Posted in News
December 5, 2021

Student invents solar windows that don’t even need the sun to work

Carvey Ehren Maigue, a Mapua University Manila student, was named the first ever winner of the James Dyson Award for Global Sustainability. The James Dyson Award is an international design competition open to engineers from over 30 countries worldwide.

The 27-year-old from The Philippines beat over 1,800 entries from other countries with his groundbreaking idea: AuREUS.

What is AuREUS?

It is a renewable energy system used for windows and walls of buildings. The new invented material comes from rotting fruits and vegetables, it absorbs UV light from the sun and converts it into electricity. What makes it special is that unlike regular solar panels, the system works just as well even if the material isn’t receiving heat from the sun.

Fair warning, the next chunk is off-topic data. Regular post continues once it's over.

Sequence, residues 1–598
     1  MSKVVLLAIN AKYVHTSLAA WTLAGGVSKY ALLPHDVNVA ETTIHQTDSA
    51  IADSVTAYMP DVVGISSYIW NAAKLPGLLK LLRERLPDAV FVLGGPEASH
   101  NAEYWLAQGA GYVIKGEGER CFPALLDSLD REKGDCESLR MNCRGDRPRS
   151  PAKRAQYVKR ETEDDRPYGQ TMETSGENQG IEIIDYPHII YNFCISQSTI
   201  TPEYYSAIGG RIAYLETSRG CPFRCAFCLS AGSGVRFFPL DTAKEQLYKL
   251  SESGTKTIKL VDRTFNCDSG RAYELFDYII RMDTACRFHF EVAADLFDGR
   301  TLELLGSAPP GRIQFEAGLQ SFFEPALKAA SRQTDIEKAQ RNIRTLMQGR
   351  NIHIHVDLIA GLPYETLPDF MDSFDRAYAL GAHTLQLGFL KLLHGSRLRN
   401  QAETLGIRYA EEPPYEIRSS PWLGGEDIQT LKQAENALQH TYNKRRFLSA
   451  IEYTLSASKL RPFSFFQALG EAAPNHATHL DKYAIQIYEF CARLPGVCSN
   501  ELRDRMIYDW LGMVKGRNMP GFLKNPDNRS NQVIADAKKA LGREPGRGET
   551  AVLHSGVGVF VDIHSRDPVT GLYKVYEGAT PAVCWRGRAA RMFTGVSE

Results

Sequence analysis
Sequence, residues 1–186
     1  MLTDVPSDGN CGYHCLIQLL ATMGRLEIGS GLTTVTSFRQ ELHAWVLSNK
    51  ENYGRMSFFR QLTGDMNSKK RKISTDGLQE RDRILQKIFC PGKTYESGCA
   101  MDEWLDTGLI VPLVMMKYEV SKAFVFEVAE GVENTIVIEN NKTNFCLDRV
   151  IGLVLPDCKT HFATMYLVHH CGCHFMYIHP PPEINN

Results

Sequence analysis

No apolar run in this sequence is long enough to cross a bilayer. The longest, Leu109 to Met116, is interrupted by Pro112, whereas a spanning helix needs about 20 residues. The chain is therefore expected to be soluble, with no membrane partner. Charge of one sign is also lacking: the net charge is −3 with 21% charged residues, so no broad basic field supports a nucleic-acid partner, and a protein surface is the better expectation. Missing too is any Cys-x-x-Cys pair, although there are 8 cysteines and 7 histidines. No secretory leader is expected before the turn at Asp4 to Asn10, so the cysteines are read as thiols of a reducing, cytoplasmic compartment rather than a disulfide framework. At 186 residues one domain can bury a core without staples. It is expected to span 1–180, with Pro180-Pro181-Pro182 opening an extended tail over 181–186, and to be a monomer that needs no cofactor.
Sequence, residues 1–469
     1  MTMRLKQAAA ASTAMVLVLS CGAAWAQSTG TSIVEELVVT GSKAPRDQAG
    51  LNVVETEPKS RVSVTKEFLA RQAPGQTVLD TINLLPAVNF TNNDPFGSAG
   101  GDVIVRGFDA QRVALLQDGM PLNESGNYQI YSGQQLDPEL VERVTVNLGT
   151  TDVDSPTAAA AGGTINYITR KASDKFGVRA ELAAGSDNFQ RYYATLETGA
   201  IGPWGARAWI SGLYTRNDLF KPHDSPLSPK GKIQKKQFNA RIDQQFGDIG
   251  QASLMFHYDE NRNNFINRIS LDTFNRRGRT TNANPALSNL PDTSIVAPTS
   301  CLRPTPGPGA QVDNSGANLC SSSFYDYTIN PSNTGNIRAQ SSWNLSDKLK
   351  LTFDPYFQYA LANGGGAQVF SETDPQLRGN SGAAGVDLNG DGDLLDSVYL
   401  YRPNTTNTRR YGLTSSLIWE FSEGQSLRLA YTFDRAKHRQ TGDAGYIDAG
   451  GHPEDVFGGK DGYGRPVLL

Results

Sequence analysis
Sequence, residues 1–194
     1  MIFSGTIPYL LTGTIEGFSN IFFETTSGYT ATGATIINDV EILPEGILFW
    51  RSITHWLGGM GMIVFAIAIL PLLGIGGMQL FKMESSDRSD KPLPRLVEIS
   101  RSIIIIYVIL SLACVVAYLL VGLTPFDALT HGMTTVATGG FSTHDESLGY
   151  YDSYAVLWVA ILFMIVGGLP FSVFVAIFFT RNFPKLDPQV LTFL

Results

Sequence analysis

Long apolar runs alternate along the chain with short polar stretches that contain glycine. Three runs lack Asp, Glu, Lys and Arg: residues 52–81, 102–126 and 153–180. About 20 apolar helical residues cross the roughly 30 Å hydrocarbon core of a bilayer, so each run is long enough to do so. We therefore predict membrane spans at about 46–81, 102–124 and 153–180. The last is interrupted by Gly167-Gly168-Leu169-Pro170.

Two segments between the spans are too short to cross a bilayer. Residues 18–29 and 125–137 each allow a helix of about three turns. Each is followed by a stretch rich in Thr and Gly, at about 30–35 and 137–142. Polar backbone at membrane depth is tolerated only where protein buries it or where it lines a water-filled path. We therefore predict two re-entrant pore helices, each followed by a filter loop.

Maigue drew his inspiration from the northern lights. Particles are derived from fruits and vegetables and suspended in a resin substrate. When hit by sunlight, the particles absorb and emit light along the edges. Then, the light is captured and converted to electricity.

“Winning the James Dyson Award is both a beginning and an end. It marked the end of years of doubting whether my idea would find global relevance. It marks the beginning of the journey of finally bringing AuREUS to the world,” said Maigue.


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